Elasmobranchii (sharks and rays) > Torpediniformes
(Electric rays) > Narcinidae
Etymology: Narcine: Greek, narke = numbness (Ref. 45335).
Environment: milieu / climate zone / depth range / distribution range
Marine; reef-associated; depth range 1 - 43 m (Ref. 13608). Subtropical; 37°N - 39°S, 98°W - 34°W
Western Atlantic: Espirito Santo, Brazil to northern Argentina (Carvalho, pers. comm.). North Carolina, USA to Florida, northern Gulf of Mexico, central Lesser Antilles and Yucatan (Ref. 26938).
Length at first maturity / Size / Weight / Age
Maturity: Lm 28.8  range ? - ? cm
Max length : 54.0 cm WD male/unsexed; (Ref. 26340); common length : 35.0 cm WD male/unsexed; (Ref. 5217); max. published weight: 650.00 g (Ref. 6902)
Morphology | Morphometrics
A pale sand-colored ray, often with ellipses of dark spots on dorsal side of rounded disk (Ref. 26938). Grayish to reddish brown, many rounded blotches outlined with blackish spots. Dark bands across tail up to dorsal fin. Snout darkened (Ref. 7251).
Inhabits coastal waters, on sand or mud bottoms (Ref. 26340). Common along sandy shorelines, sometimes near coral reefs (Ref. 12951). Aggregates in shallow waters ca. 10-20 m deep during summer and autumn months, dispersing to deeper waters during winter (Ref. 114953). Buries itself with only eyes protruding (Ref. 12951). Nocturnal, moves to shallow bays at night to feed; prefers worms, but may take juvenile snake eels, anemones, and, small crustaceans (Ref. 12951). Produces broods of 4 to 15 young (Ref. 26938). Reaches ca. 45 cm TL. Both sexes mature by 27 cm TL; birth size at ca. 11 cm TL (Ref. 114953). Can discharge between 14 and 37 volts. Contact with the skin can produce a severe electric shock. In addition to the main electric organ, this species possesses a bilateral accessory electric organ (Ref. 10011) speculated to have a possible role in social communication (Ref. 10489). Reported to taste good, but not fished commercially. Traded as an aquarium fish at Ceará, Brazil (Ref. 49392).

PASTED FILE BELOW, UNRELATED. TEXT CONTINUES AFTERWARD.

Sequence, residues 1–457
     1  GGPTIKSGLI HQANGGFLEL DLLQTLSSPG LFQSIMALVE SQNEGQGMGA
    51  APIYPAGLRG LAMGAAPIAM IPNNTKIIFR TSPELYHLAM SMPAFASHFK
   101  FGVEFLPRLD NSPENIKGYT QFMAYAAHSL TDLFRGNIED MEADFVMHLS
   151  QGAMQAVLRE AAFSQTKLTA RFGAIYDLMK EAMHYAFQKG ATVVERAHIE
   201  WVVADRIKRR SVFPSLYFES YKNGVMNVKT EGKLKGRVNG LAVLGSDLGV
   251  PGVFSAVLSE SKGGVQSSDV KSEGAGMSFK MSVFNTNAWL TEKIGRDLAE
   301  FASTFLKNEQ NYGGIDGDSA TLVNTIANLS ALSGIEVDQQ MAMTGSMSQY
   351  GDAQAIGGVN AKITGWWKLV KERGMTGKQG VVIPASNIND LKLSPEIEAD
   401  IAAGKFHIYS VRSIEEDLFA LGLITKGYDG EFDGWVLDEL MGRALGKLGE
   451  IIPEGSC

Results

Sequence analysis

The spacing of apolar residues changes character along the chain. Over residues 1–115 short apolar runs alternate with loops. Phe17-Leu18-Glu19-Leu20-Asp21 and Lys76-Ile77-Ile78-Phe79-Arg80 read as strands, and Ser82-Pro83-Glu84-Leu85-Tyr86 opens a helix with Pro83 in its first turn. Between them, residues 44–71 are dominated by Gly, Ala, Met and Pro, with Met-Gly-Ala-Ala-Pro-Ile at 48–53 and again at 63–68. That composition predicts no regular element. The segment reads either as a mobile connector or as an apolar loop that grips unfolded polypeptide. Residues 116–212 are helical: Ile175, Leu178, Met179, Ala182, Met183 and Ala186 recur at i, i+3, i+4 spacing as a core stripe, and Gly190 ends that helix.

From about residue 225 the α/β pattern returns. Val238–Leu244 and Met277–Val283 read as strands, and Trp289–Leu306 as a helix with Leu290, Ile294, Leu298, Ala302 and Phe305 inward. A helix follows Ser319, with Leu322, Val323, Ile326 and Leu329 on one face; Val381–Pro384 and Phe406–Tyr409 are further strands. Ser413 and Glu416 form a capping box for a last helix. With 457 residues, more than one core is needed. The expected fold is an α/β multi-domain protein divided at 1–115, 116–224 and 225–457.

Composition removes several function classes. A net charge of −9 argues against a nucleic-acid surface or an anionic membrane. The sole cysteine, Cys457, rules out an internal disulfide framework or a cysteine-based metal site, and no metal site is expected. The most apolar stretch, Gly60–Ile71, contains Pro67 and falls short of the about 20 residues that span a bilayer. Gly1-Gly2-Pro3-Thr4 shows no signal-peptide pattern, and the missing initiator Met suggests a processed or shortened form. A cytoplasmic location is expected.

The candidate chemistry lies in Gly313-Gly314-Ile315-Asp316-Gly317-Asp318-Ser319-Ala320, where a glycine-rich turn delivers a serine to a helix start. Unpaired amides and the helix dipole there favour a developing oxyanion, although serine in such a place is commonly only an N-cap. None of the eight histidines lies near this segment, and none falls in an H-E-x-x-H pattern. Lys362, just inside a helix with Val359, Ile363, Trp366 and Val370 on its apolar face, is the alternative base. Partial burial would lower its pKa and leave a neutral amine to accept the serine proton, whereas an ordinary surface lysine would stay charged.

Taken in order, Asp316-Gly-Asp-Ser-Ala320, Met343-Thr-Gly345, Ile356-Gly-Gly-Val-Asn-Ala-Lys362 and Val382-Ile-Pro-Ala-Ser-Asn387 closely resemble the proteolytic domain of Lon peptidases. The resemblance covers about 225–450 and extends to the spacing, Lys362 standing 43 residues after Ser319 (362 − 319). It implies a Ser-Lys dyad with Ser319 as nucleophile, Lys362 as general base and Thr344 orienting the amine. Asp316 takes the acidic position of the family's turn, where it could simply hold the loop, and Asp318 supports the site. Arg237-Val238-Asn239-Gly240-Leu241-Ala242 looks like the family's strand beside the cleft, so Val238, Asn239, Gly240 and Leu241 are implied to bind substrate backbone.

Life cycle and mating behavior
Maturity | Reproduction | Spawning | Eggs | Fecundity | Larvae
Ovoviviparous. Sex ratio of embryos is about one to one, however, small mothers may have predominantly female embryos and that for a given mother, embryos tend to be of one sex (Ref. 46979). Maximum number of embryos per female may reach 15. The young are capable of giving off electric charges even before they are released from the womb (Ref. 46978).
Robins, C.R. and G.C. Ray, 1986. A field guide to Atlantic coast fishes of North America. Houghton Mifflin Company, Boston, U.S.A. 354 p. (Ref. 7251)
IUCN Red List Status (Ref. 123251)
CITES (Ref. 118484)
Fisheries: subsistence fisheries; aquarium: commercial
ReferencesAquacultureAquaculture profileStrainsGeneticsAllele frequenciesHeritabilityDiseasesProcessingMass conversion
Estimates based on models
Preferred temperature (Ref. 115969
): 22.9 - 28, mean 25.6 °C (based on 442 cells).
Phylogenetic diversity index (Ref. 82805
= 0.5000 [Uniqueness, from 0.5 = low to 2.0 = high].
Bayesian length-weight: a=0.01096 (0.00588 - 0.02044), b=2.90 (2.73 - 3.07), in cm total length, based on LWR estimates for this species & (Sub)family-body (Ref. 93245
Trophic level (Ref. 69278
): 3.2 ±0.4 se; based on diet studies.
Resilience (Ref. 120179
): Low, minimum population doubling time 4.5 - 14 years (Assuming fecundity<100).
Vulnerability (Ref. 59153
): Low to moderate vulnerability (35 of 100) .